MADISON, Ala. — From severe weather to public safety to financial security, the city of Madison wants to make sure you're covered.
That's why they hosted their annual community preparedness fair on Saturday, February 25, also known as "ReadyFest."
Detective Teresa Taylor-Duncan, with the Madison City Police Department shares, "it's an annual event that we have to help prepare the citizens for all kinds of things from inclement weather, from natural disasters, also how to be proactive in protecting themselves and their family."
The city of Madison wants you and your family to remain safe and secure during emergency situations, here at ReadyFest, all ages learn about the community resources available to them.
One young attendee says, "I like the most is the dogs and the candy."
And although we all love dogs and candy, this event serves as a way for people to find out how to be prepared for the unexpected.
Ryan Gentry, who is the PIO and part of community outreach for Madison Fire and Rescue says, "we're in February, about to be in March, so we all know what that brings in north Alabama with severe weather."
At ReadyFest he educated the public on smoke detectors and how it's extremely important to not only check them during severe weather season, but throughout the year.
"Making sure that we're checking those monthly replacement batteries, if it's appropriate, every six months, and then replacing any and all detectors after ten years of life. No matter if they're still working or not," Gentry said.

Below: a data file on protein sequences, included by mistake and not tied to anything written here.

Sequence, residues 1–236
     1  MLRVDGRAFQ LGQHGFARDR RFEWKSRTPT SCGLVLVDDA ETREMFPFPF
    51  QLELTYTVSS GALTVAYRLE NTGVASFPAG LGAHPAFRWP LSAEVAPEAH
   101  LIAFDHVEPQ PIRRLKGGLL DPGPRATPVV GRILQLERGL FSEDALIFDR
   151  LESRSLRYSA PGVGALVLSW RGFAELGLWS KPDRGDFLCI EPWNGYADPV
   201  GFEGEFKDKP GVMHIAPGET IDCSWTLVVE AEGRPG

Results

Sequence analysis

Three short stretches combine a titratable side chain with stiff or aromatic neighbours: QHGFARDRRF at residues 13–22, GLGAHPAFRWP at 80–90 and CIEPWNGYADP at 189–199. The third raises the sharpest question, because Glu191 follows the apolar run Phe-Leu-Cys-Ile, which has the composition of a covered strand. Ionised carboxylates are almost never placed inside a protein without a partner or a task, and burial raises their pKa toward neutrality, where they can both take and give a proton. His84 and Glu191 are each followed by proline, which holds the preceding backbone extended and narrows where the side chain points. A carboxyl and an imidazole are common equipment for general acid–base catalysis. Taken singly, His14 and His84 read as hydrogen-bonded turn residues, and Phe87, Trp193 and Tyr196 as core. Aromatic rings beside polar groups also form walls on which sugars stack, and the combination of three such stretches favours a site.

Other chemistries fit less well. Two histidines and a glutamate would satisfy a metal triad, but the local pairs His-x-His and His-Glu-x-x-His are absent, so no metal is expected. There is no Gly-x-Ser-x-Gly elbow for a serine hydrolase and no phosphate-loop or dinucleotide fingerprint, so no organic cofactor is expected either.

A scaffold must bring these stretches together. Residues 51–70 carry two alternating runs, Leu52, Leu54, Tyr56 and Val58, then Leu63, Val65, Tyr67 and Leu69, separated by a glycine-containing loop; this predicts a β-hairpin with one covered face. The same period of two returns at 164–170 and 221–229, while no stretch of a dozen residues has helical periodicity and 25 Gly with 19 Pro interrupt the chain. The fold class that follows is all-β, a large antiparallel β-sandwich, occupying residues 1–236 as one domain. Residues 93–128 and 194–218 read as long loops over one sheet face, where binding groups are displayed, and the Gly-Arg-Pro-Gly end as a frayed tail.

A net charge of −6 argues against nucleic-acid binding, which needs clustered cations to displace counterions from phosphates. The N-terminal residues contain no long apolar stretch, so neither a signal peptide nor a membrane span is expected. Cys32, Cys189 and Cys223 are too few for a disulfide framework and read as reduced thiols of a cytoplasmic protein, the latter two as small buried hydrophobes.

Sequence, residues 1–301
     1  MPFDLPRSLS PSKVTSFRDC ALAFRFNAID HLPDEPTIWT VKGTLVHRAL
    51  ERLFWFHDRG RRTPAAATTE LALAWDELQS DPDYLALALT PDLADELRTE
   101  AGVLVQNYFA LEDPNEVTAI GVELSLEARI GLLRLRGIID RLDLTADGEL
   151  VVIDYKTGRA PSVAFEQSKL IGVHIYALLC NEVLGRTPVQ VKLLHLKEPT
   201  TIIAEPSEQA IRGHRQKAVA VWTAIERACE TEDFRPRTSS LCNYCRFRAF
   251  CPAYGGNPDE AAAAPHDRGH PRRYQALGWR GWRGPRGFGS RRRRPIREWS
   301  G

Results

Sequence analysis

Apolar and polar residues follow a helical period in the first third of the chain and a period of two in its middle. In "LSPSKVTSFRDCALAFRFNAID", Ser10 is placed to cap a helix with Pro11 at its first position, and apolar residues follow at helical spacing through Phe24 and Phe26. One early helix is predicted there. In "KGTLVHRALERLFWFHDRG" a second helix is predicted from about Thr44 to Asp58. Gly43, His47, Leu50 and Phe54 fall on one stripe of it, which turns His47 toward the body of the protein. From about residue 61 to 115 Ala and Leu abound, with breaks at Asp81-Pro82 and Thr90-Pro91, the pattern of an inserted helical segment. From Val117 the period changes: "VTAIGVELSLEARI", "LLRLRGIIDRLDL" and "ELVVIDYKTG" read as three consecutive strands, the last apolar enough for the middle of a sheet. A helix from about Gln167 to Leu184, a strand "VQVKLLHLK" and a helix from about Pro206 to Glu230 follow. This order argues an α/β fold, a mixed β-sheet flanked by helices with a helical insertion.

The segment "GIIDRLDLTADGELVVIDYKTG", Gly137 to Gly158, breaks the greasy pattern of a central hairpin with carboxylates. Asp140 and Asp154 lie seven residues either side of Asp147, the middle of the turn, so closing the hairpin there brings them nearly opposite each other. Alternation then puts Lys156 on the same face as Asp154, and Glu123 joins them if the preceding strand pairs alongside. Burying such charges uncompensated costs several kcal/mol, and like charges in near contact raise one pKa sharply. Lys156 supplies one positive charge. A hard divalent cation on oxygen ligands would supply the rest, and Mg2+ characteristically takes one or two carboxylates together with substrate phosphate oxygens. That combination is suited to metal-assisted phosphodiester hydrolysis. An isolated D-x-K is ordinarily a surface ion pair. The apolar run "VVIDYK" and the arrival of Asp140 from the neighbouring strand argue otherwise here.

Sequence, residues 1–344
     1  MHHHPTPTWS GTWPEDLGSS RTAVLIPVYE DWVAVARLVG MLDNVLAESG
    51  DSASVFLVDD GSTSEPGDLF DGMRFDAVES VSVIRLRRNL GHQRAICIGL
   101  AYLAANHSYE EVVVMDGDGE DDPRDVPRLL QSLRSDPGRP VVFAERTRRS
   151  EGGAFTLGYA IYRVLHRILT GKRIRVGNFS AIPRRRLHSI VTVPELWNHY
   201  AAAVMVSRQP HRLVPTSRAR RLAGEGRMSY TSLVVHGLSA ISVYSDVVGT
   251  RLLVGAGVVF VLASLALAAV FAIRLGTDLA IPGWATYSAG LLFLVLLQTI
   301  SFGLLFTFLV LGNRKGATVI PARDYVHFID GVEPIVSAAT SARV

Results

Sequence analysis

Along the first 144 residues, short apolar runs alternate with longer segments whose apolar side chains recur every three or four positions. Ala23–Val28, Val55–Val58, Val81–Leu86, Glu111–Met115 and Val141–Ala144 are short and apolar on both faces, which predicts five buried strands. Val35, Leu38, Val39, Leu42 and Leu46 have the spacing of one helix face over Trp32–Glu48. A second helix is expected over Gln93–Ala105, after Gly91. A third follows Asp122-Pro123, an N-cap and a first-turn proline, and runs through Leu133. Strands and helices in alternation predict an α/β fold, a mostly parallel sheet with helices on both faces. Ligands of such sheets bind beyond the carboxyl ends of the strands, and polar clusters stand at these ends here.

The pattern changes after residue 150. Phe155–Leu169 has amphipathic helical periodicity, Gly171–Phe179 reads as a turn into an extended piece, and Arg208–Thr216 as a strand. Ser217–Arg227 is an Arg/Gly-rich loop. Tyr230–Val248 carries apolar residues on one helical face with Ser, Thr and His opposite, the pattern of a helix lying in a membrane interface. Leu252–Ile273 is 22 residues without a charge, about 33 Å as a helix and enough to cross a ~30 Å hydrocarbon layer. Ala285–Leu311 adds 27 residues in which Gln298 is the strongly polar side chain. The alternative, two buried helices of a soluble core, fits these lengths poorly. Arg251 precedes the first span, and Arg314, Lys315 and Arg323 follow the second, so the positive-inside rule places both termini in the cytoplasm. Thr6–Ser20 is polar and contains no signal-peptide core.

Carbon monoxide safety is also at the forefront of conversation from the fire department, "making sure that we're keeping generators 50 feet away from the homes, not burning them or running them inside the garage, not using gas grills inside the garage with that carbon monoxide that can enter without us knowing it."
Investigator Taylor-Duncan says, "being aware of whatever the threat is, whether it's weather, whether it's a natural disaster, or if it's everyday life...things that you're going to face on the street…"
She represents the free "RAD" program, also known as the Rape, Aggression, Defense Course.
"It's basically a program that empowers young women and gives them self-confidence, the ability to recognize where there might be threats, things that as young women, they're not aware of, talking about campus safety, talking about safety at home, safety at work," Investigator Taylor-Duncan said.
She adds the majority of physical violence cases their department sees is domestic violence. So this program, "gives women the ability to protect themselves, to recognize those trigger situations that they can be finding themselves in and to give them options to defend themselves and get themselves out of danger and out of harm's way."
The RAD program does have a waiting list to get into the class and the instructors provide the course every 60 days.
Ultimately, whatever the threat may be, the city of Madison hope people walk away from ReadyFest feeling confident that they have the tools, resources and knowledge to stay safe.